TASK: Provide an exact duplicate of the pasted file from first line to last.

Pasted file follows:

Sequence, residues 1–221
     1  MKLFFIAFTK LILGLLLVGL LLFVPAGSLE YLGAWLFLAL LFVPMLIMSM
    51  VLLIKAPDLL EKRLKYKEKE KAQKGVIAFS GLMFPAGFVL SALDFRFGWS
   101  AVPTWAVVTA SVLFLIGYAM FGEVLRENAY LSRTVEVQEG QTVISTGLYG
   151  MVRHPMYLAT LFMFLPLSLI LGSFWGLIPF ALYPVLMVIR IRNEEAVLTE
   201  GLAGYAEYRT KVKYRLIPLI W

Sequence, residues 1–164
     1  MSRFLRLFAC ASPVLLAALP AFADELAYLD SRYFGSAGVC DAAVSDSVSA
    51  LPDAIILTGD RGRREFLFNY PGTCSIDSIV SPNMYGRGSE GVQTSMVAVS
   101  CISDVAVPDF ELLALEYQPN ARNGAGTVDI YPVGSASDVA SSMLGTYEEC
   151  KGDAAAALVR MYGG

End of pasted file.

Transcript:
Sequence, residues 1–221
     1  MKLFFIAFTK LILGLLLVGL LLFVPAGSLE YLGAWLFLAL LFVPMLIMSM
    51  VLLIKAPDLL EKRLKYKEKE KAQKGVIAFS GLMFPAGFVL SALDFRFGWS
   101  AVPTWAVVTA SVLFLIGYAM FGEVLRENAY LSRTVEVQEG QTVISTGLYG
   151  MVRHPMYLAT LFMFLPLSLI LGSFWGLIPF ALYPVLMVIR IRNEEAVLTE
   201  GLAGYAEYRT KVKYRLIPLI W

Sequence, residues 1–164
     1  MSRFLRLFAC ASPVLLAALP AFADELAYLD SRYFGSAGVC DAAVSDSVSA
    51  LPDAIILTGD RGRREFLFNY PGTCSIDSIV SPNMYGRGSE GVQTSMVAVS
   101  CISDVAVPDF ELLALEYQPN ARNGAGTVDI YPVGSASDVA SSMLGTYEEC
   151  KGDAAAALVR MYGG